Is the Taiwan Strait Still a Flash Point? Rethinking the Prospects for Armed Conflict between China and Taiwan - CWP Alumni Scott Kastner

Monday, Apr 17, 2017
by dsuchens

Scott L. Kastner is Associate Professor in the Department of Government and Politics at the University of Maryland, College Park.

Abstract: After decades of tension, relations between the People's Republic of China and Taiwan have improved dramatically in recent years. How durable is this détente? To what degree is armed conflict in the Taiwan Strait a continued possibility? Answering these questions requires grappling with the impact of several different trends in cross–Taiwan Strait relations, including a rapidly shifting balance of military power, deepening China-Taiwan economic integration, and changing Taiwanese views on sovereignty and identity issues. Taken together, these trends help to stabilize the cross-strait relationship. Nevertheless, this relationship has not been fundamentally transformed, and future trends could evolve in a way that again increases the danger of military conflict. In particular, a changing balance of military power in the Taiwan Strait has the potential to be highly destabilizing if it overtakes other trends such as economic integration.


Before 2008, the Taiwan Strait was widely viewed as a dangerous flash point for conflict. The issue of Taiwan's sovereign status was a persistent source of tensions in U.S.-China relations, leading one of the most prominent U.S. experts on Asia to refer to Taiwan as “the only issue in the world today that could realistically lead to war between two major powers.”1 Since 2008, however, relations between the People's Republic of China (PRC) and Taiwan have improved dramatically. Officials from the two sides have engaged in frequent dialogues, resulting in numerous cooperative agreements (including, most notably, the 2010 Economic Cooperation Framework Agreement). Given this unprecedented period of détente, does it still make sense to view the Taiwan Strait as a flash point for conflict? To what degree is a China-Taiwan military conflict a continued possibility? Are the risks of armed conflict likely to increase or decrease in the years ahead? What are the implications for U.S. policy in the region?

Analysts differ on the degree to which the Taiwan Strait remains at risk of armed conflict. Some scholars point to factors such as deepening cross-strait economic exchange, frequent high-level contacts, greater institutionalization of the cross-strait relationship, and pragmatism in both Beijing and Taipei as reasons to be optimistic about the prospects for continued stability in the Taiwan Strait.2 Other analysts, however, are less sanguine about the future of China-Taiwan relations. Those who are more pessimistic about the relationship tend to highlight trends such as the PRC's rapidly growing military capabilities (which increasingly call into question Taiwan's capacity for self-defense), social and political trends in Taiwan that suggest little appetite for further cross-strait economic liberalization or political integration, and the continued presence of a fundamental underlying sovereignty dispute dividing Beijing and Taipei.3 Part of the reason for these disagreements is that the cross-strait relationship is characterized by complex, and at times competing, trends. Economic integration and increased institutionalization across the Taiwan Strait should contribute to stability. In some ways, public opinion in Taiwan seems to push toward stability (most Taiwanese, for example, are relatively pragmatic on sovereignty issues and oppose formal independence if it were to trigger conflict with China). In other ways, however, public opinion in Taiwan highlights the continued intractability of the underlying dispute (support on the island for unification continues to drop even as the PRC continues to view unification as an important national goal). Growing PRC military power increases the feasibility of Chinese coercion against Taiwan, but it could also make Chinese leaders more confident about long-term trends and less inclined to act rashly. What is needed, in short, is systematic analysis that considers how these different trends fit together in shaping the prospects for conflict and peace in the Taiwan Strait.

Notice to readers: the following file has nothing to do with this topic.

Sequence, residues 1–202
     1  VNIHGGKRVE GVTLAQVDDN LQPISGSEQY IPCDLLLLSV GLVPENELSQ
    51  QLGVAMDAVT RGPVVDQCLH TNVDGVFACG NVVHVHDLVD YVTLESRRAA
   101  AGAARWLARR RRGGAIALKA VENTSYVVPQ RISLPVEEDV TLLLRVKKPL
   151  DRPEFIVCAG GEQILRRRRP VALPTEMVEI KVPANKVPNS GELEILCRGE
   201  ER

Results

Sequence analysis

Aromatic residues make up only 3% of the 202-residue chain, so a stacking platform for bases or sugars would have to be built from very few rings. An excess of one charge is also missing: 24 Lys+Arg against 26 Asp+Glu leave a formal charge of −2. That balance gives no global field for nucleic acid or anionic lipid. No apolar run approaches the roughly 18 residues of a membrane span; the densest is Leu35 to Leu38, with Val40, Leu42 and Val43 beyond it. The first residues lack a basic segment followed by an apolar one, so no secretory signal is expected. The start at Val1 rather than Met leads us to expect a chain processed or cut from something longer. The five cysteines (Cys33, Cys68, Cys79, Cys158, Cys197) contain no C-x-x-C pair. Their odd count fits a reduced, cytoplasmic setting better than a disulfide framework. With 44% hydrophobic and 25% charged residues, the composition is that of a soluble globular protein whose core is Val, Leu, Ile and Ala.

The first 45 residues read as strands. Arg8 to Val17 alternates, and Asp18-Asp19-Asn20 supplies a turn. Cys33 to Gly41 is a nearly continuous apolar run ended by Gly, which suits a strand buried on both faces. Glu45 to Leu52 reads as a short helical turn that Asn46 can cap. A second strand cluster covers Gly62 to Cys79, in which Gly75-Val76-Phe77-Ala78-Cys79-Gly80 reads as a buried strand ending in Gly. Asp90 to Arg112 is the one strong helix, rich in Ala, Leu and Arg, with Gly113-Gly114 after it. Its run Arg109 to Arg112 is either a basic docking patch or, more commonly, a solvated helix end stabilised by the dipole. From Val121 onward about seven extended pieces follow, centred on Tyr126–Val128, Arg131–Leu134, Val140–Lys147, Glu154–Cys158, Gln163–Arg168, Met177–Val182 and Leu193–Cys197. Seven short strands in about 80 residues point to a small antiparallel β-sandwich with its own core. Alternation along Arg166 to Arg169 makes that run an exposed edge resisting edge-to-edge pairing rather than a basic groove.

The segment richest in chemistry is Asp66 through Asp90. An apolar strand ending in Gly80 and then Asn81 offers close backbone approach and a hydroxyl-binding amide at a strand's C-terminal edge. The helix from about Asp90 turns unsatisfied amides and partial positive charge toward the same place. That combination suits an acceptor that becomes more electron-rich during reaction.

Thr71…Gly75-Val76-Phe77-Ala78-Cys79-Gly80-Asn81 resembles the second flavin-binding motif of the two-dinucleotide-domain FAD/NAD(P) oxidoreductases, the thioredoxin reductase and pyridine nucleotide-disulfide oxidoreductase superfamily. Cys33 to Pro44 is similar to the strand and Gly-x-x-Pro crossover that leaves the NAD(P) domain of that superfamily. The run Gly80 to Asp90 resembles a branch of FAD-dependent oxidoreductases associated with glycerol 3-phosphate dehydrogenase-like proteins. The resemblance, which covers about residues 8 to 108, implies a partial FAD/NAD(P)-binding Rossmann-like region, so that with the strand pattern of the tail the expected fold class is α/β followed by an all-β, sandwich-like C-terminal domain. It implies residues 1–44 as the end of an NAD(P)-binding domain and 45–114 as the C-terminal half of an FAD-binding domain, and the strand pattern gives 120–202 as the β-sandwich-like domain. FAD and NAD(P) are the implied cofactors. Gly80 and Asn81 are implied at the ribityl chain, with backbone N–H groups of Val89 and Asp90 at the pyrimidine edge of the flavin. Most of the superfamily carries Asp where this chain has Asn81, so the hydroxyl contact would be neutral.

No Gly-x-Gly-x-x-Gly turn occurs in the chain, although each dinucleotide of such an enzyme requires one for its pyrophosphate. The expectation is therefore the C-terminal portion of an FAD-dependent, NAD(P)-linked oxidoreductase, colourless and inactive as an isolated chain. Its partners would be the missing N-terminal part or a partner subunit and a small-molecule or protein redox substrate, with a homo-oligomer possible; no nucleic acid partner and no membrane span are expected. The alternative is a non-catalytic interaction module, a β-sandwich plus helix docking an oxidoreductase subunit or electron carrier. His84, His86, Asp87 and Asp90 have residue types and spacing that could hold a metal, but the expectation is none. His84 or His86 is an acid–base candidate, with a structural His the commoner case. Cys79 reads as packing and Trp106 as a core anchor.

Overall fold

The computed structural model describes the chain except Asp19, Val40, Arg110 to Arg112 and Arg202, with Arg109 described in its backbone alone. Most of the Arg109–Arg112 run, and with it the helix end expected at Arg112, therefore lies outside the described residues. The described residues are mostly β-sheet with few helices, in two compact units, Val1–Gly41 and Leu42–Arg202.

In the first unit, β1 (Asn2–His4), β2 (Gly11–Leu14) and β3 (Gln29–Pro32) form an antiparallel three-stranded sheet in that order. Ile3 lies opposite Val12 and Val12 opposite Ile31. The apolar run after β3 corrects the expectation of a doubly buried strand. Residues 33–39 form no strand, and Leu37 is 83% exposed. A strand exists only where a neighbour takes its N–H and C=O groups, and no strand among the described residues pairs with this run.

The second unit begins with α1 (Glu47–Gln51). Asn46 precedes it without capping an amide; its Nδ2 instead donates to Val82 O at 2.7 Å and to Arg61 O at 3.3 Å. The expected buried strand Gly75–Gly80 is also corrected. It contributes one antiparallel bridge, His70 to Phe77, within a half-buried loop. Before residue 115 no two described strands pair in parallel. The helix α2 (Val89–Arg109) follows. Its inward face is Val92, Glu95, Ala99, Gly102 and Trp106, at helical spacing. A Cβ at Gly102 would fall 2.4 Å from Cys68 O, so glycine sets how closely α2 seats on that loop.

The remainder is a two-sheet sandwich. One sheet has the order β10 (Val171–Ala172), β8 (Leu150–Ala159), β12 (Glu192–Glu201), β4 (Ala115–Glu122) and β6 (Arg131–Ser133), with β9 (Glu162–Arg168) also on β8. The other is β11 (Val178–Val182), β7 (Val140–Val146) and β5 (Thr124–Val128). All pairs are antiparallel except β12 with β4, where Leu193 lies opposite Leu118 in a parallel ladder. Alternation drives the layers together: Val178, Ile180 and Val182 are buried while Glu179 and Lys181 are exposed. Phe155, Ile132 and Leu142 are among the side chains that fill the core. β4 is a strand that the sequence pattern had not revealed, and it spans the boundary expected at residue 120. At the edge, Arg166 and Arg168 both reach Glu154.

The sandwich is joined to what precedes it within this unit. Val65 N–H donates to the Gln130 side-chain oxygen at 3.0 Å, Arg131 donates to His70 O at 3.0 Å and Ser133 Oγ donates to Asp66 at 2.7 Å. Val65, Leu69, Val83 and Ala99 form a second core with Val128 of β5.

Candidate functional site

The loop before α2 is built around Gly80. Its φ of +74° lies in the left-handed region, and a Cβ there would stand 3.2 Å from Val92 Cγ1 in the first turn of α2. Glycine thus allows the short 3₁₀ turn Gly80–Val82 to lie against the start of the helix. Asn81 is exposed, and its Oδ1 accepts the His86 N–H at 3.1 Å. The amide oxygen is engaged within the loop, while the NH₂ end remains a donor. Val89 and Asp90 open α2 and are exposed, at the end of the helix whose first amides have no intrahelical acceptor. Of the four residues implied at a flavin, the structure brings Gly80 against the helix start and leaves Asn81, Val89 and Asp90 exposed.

I aim to provide this type of analysis. To do so, I first consider three plausible conflict scenarios that frequently worried analysts of cross-strait relations in the turbulent years prior to 2008. I then consider how fundamental trends in cross-strait relations, such as rapidly growing Chinese military power and deepening cross-strait economic exchange, are affecting the likelihood that any of these scenarios will emerge as future concerns. To preview, my analysis suggests that these trends are, on balance, stabilizing. Although the relationship will continue to be characterized by periodic tensions, the risk of armed conflict has been declining and is likely to continue to decline in the years ahead. At the same time, however, the cross-strait relationship has not been fundamentally transformed. Military conflict remains a real possibility, and I emphasize in particular that a rapidly shifting balance of military power has the potential to be highly destabilizing if it comes to dominate the effects of other trends such as economic integration. I conclude the article with policy implications for the United States.

Cited by

2017. Bibliography. Contested Memories in Chinese and Japanese Foreign Policy259-280.

International Security

Winter 2015/16, Vol. 40, No. 3, Pages: 54-92

Posted Online February 10, 2016.


© 2016 by the President and Fellows of Harvard College and the Massachusetts Institute of Technology.